Stephen Kelly and Paul McShane have told Republic of Ireland boss Giovanni Trapattoni they are ready to step into the breach if he needs them.
Kelly has made his name as a full-back, but can play across the back four, while McShane has lined up on both the right side and in the middle of the defence during his career to date.
That versatility could prove key at Euro 2012 with John O’Shea and Darren O’Dea nursing injuries in Montecatini following niggles for Richard Dunne and Sean St Ledger, while Trapattoni is also acutely aware of how costly yellow and red cards can be in tournament football.
As a result, flexibility is key and both Kelly and McShane are happy to be considered for multiple roles.
The 28-year-old Fulham defender said: “I feel comfortable anywhere across the back four, and that’s been of benefit to me in the past. I have played in every position across there.
“It’s something the manager knows and I think he likes it about me. My strongest position is obviously right-back, being a natural right-footer, and that’s where I play for my club every week.
“But if the manager was to ask me to play anywhere, I would do it – and gladly do it – and give 100%. I think I can fill in and do a good job there.”
It was precisely that kind of adaptability which earned 26-year-old McShane his last-minute call-up to Trapattoni’s final 23 in place of the unfortunate Kevin Foley.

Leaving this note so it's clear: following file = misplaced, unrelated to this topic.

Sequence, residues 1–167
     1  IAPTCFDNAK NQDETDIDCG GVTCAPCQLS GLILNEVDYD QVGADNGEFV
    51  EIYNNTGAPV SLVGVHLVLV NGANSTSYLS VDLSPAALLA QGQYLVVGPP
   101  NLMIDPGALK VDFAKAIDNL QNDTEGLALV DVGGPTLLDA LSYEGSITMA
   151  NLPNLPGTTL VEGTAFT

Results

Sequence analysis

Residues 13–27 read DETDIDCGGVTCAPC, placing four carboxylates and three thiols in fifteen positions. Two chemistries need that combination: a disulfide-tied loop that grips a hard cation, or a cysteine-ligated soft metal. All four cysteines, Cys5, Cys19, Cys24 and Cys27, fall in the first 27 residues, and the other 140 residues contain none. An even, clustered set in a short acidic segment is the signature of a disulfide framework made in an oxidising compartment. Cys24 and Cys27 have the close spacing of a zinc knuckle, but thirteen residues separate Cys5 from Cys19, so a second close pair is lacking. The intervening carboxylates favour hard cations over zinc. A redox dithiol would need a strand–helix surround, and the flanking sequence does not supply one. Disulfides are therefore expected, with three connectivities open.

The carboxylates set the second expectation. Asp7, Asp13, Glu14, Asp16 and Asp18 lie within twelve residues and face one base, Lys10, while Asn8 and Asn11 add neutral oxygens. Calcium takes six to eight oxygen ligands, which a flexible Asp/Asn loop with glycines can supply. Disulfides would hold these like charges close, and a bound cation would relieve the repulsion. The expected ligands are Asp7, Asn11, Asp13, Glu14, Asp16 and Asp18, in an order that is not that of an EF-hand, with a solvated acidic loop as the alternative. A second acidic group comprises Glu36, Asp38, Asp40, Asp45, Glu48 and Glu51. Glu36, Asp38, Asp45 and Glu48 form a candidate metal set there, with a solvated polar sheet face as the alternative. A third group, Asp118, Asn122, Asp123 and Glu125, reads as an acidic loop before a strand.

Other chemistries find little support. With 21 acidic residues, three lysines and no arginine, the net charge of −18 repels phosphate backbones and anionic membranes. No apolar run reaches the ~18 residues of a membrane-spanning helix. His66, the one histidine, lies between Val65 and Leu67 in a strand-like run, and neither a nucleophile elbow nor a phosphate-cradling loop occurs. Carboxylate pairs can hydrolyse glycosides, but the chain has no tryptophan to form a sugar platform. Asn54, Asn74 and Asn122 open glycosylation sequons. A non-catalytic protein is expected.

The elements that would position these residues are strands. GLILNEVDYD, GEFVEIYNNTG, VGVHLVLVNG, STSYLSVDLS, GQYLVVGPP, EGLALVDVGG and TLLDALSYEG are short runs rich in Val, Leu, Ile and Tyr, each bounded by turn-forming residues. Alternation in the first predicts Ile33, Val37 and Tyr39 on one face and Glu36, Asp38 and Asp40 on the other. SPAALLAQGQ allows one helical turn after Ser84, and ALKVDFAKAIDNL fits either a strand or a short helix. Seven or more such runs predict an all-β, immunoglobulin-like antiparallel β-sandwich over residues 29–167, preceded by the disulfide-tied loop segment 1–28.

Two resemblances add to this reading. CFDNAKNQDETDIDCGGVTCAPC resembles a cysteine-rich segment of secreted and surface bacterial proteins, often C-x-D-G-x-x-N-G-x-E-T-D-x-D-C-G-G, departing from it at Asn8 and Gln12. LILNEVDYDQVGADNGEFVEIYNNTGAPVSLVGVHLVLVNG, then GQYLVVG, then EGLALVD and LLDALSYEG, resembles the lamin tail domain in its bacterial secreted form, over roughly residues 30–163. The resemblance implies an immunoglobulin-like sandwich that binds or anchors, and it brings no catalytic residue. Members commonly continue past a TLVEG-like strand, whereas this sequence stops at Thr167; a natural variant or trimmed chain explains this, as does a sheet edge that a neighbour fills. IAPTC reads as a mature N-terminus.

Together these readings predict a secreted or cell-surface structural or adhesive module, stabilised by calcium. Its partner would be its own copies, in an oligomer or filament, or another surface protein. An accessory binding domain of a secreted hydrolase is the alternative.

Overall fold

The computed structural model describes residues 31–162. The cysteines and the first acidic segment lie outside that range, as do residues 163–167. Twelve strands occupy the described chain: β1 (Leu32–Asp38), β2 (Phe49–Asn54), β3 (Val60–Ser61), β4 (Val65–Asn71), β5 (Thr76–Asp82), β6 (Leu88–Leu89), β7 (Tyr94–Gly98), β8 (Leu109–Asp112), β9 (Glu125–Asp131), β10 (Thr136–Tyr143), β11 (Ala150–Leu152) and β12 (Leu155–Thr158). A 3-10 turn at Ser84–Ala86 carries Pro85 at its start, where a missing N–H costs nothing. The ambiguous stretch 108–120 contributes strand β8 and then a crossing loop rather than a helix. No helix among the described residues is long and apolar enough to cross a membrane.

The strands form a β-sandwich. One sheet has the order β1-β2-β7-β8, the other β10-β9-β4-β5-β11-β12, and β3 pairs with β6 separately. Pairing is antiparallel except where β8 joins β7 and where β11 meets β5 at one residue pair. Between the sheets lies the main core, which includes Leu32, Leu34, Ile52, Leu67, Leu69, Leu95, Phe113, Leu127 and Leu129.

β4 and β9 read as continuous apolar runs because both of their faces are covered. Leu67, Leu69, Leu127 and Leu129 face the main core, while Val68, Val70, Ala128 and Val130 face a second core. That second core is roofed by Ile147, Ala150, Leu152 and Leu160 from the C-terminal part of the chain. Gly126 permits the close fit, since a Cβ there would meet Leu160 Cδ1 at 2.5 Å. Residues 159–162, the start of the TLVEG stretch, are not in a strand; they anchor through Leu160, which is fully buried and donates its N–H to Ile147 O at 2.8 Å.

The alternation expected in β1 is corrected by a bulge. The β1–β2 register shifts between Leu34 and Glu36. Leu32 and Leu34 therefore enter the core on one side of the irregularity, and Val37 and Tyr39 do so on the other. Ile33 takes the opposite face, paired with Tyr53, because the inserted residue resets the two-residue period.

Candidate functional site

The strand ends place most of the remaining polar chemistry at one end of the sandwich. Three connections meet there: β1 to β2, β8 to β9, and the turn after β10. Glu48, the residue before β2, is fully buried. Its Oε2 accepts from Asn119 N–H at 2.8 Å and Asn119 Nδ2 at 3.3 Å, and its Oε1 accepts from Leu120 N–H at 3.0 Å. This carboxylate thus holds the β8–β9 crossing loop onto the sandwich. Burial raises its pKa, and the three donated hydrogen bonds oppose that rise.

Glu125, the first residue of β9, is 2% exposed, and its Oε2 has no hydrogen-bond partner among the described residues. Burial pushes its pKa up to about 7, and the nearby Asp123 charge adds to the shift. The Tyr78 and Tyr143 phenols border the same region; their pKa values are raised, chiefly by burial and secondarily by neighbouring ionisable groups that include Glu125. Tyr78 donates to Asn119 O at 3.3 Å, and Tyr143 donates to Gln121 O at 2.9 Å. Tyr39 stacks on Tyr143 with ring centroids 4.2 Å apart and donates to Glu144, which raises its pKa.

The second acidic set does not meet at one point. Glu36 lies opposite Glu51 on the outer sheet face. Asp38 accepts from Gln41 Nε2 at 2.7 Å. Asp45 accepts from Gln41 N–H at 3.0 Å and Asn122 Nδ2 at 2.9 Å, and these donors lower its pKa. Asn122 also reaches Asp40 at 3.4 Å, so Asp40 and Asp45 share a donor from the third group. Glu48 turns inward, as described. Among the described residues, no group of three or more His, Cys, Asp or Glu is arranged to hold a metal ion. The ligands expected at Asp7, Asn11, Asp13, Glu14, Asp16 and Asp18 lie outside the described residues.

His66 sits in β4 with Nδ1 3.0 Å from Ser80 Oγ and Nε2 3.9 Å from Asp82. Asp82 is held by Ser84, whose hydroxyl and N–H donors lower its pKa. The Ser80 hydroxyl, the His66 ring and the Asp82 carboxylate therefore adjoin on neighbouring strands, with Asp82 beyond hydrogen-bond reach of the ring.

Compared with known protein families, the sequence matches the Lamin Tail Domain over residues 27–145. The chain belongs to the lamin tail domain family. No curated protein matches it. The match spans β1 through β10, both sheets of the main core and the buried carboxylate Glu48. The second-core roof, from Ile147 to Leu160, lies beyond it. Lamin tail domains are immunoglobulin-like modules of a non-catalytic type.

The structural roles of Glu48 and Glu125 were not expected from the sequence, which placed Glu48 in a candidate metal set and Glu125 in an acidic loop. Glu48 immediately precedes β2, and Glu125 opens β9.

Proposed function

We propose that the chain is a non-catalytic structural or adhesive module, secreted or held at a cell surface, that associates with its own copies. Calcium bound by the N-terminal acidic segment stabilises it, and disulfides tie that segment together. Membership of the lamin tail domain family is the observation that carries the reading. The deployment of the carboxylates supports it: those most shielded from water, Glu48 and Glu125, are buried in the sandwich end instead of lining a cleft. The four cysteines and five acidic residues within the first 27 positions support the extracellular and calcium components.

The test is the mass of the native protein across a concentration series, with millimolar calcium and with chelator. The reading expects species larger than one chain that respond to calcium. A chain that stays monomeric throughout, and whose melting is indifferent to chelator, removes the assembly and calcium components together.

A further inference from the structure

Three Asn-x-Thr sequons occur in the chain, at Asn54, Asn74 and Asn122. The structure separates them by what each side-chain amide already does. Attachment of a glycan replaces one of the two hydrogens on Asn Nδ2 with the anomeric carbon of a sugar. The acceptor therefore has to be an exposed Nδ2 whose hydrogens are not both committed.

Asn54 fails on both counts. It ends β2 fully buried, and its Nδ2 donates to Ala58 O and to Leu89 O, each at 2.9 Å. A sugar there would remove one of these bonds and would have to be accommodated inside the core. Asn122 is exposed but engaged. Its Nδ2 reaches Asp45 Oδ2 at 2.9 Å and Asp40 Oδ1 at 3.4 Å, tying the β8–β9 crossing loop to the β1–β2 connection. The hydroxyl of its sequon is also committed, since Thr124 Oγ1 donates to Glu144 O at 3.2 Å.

He said: “I can play both positions. I feel comfortable there, and I can play right-back also, whatever is needed, really.
“If there is an injury or whatever, I am ready to step in.”
The Ireland squad had a day off yesterday as they came to terms with Foley’s surprise exclusion, and while McShane felt for a man with whom he played at Under-19 and Under-21 levels, he now has to prepare himself for the heat of tournament battle.
Trapattoni confirmed on Tuesday night that the Wolves full-back’s exit had nothing to do with the hamstring injury with which he had been struggling for the previous week or so, and everything to do with his replacement’s ability to cover the central defensive positions.
Ironically, it was the latter who missed training the following day with a heel problem, although one which ultimately did not prevent him from playing in the 5-0 friendly victory over a Tuscan Select XI.
McShane said: “I had a bruised foot. I went to kick a ball against Bosnia and got caught on the ground, and I was just worried it was a ligament.
“I didn’t want to come to the squad and then be sent home with an injury, so I just wanted to try to rest it as much as I could.
“But I had a scan and it turned out it was just superficial, just a few muscle fibres in the foot, so everything is grand.”